Videofreex Chronicles #2: Make Your Own TV

“For so long – too long – we had defined our work in terms of what we weren’t: the networks, commercial, corporate, beholden to the government or any central economic power.” – Parry Teasdale from Videofreex: America’s First Pirate TV Station and the Catskills Collective That Turned it On

While television has traditionally been a passive medium, programmed media received by the masses, the Videofreex turned the paradigm upside down when they bought the Maple Tree Farm and established Lanesville TV in upstate New York during the 1970s. The Videofreex, as they are still known today, moved their SOHO video production studio in Manhattan and formed a quasi hippie commune (they never liked that connotation) in an old seven room house in Lanesville, a sparse little town in the Catskills with a population of a few hundred people. It was here, in this setting far removed from the urban bustle of the New York City media center that they began their experimental television project to forge the first pirate tv station in America.

Lanesville-tv_5_Screenshot 2015-07-18 15.55.07_crop
Lanesville TV studios with phone number for viewer call-in

The Lanesville TV project was born of necessity: the Videofreex had no distribution network for their guerrilla-style videotapes, which could only be played on 1/2″ VTR’s (video tape recorder), and Lanesville had virtually no television reception and not enough population for cable TV. No video out, no video in: now that’s a serious dilemma when you’re an emerging video collective building a reputation. What do you do? You make your own TV, which is exactly what the Videofreex set out to do. It was too expensive and complicated to go the legal route of acquiring a license (it was the radical 70’s), public access television did not yet exist, and the Freex were essentially independent journalists, video hackers and media deconstructionists who needed to chart their own course.

Lanesville-tv_3_Screenshot 2015-07-18 16.19.27_crop
Skip Blumberg performing video magic act on Lanesville TV

So they setup their studio and built their own equipment from old military surplus parts – a transmitter, video amplifier, and make-shift antenna was installed on the roof of the house – and began broadcasting live television to the town. At first phone lines were used to test the reception, noisy with interference, but soon the Videofreex discovered that they could not only create their own broadcast television, but it could be interactive, much like radio, which ironically was (and perhaps still is) far more advanced as a participatory medium.

Lanesville-tv_4_Screenshot 2015-07-18 16.20.17_crop
Nancy Cain on the phone while interviewing Lanesville local Harriet

The Videofreex began creating alternative programming that involved the Lanesville local community, made up mostly of small-town country folks about as far from hippie media culture as you can get. In a town that was nearly shut off from the outside airwaves, Lanesville TV was their own television, with weekly shows about local goings on, everyday life, magic acts, children’s programs, and even a boxing match with two beer-belly locals battling it out.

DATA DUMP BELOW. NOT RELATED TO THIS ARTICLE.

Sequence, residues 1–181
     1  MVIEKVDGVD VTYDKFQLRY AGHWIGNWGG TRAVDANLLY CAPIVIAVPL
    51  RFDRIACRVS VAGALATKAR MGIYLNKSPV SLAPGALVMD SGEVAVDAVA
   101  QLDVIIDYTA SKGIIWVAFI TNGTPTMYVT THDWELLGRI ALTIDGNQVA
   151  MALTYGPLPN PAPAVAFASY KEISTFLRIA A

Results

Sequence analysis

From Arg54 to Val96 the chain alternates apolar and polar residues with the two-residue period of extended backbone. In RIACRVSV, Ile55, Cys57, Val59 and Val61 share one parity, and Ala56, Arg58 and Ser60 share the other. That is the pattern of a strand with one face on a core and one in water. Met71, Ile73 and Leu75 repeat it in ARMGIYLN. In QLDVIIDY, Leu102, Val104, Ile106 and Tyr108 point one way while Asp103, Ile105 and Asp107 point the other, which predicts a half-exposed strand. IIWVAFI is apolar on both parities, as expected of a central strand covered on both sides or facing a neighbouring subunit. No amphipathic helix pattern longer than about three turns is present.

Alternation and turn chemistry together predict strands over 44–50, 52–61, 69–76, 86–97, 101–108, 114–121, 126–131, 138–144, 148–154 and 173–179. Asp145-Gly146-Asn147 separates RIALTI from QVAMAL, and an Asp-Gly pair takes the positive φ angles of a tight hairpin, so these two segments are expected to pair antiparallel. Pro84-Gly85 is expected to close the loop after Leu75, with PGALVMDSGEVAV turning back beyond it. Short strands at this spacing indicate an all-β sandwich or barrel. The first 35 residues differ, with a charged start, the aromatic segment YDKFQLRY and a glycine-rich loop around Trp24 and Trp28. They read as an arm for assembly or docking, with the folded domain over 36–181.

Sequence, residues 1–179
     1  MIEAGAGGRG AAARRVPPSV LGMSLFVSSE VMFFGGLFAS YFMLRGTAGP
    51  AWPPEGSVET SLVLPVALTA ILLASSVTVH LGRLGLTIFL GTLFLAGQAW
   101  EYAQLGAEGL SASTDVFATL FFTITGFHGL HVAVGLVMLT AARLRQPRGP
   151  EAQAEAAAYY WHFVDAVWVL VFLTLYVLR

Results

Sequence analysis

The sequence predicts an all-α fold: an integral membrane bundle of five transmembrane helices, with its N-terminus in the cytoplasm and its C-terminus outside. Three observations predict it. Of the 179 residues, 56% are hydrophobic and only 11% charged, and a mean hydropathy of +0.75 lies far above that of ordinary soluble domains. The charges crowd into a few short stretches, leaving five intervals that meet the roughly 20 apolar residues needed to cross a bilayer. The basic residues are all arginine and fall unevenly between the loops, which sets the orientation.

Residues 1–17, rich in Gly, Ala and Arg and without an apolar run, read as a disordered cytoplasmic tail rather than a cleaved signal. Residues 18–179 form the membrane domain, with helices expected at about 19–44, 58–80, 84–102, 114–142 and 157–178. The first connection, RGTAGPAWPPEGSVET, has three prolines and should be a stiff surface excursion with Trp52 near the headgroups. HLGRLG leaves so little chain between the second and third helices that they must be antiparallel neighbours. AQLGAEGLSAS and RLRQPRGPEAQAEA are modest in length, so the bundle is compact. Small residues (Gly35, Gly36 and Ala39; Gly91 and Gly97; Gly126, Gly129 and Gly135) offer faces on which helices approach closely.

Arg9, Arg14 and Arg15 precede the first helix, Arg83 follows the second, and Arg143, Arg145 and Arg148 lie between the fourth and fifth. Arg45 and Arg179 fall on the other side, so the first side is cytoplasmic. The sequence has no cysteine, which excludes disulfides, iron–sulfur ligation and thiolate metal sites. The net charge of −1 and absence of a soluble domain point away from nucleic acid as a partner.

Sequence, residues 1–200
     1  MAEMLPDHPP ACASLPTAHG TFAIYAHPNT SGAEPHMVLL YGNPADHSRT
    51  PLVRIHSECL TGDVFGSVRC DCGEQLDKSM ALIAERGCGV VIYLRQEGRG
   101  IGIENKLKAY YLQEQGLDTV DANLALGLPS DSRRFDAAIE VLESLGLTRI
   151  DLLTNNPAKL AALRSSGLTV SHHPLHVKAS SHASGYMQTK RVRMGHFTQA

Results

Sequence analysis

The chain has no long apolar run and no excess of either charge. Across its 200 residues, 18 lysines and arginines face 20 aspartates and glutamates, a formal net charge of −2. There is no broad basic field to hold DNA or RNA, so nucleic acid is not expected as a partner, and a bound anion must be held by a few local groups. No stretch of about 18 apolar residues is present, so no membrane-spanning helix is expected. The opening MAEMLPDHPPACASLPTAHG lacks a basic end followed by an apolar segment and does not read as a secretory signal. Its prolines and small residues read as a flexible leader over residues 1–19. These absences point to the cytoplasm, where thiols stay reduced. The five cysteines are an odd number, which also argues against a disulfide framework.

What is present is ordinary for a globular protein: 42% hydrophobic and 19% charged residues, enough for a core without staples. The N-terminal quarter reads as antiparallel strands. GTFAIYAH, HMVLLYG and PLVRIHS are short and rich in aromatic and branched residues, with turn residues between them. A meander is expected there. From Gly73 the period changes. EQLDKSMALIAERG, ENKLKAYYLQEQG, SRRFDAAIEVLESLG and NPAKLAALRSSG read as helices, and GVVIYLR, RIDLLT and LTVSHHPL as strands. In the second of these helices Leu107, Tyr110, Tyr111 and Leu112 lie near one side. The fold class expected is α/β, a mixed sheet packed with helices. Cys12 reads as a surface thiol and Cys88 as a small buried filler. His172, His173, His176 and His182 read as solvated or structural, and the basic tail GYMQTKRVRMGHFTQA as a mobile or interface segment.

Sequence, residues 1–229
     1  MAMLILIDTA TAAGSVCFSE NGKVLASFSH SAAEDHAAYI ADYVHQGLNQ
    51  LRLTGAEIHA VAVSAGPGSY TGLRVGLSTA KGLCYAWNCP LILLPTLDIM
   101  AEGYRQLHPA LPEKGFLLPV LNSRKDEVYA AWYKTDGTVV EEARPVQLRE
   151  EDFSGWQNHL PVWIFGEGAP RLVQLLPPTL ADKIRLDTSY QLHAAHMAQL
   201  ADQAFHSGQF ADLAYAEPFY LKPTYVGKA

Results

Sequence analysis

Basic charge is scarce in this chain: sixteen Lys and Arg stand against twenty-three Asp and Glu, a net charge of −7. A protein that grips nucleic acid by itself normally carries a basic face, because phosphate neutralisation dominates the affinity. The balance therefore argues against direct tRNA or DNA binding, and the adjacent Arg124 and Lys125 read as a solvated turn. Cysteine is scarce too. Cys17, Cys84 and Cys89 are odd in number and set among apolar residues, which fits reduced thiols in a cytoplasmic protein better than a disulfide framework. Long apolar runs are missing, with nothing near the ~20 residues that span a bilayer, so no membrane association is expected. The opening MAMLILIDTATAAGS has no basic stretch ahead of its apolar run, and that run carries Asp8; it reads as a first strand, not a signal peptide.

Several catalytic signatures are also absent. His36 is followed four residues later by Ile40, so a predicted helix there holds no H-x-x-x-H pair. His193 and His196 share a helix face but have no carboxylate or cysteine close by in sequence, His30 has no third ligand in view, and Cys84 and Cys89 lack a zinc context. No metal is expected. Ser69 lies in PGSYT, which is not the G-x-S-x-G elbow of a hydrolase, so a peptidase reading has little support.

Lanesville-tv_2_Screenshot 2015-07-18 16.36.45_crop
Lanesville locals Frankie and Johnny in a boxing match

The Videofreex in their own funky way, reinvented television, reversing its power as a medium for engaging community, a creative medium for storytelling, an artisans approach to television, collapsing the space of transmission and reception to connect people locally with stories and collective narrative. The Freex foresaw television not as a corporate controlled delivery mechanism for reinforcing consumerism and mainstream popular culture, but rather as an artist’s platform for invention and social interaction. They approached television as a collaborative medium, “do it with others” (to quote Furtherfield‘s Marc Garrett and Ruth Catlow), and not just between the producers and engineers, but with the audience as well. The power of television was in the collective hands of those who make it and those who watch, embedded deeply into the fabric of the local culture.

Lanesville-tv_7_Screenshot 2015-07-18 16.01.58_crop
From left to right on the Lanesville TV set: nextdoor neighbor Sam, Russell Connor from WNET, and Videofreek Bart Friedman

Around the same time the Loud family was famously portrayed in “An American Family,” considered to be the forerunner of reality television, the Freex were already experimenting with the documentation of the everyday life in Lanesville, capturing locals such as Harriet in the act of taking care of her kids in her little ramshackle country home. With Lanesville TV, there were no corporate executives driving the action (a la EDtv), no commercials, no actors, just regular people going about their daily lives in a remote country village far, far from the media machine.

Lanesville-tv_8_Screenshot 2015-07-18 16.08.57
Lanesville local Harriet with her two kids

In the age of the Internet, when everyone is a potential broadcaster of sorts, the Videofreex inspire us to refresh our thinking about television in new and exciting ways. Long live the Freex! And long live television!!

The following is a WNET special on Lanesville TV: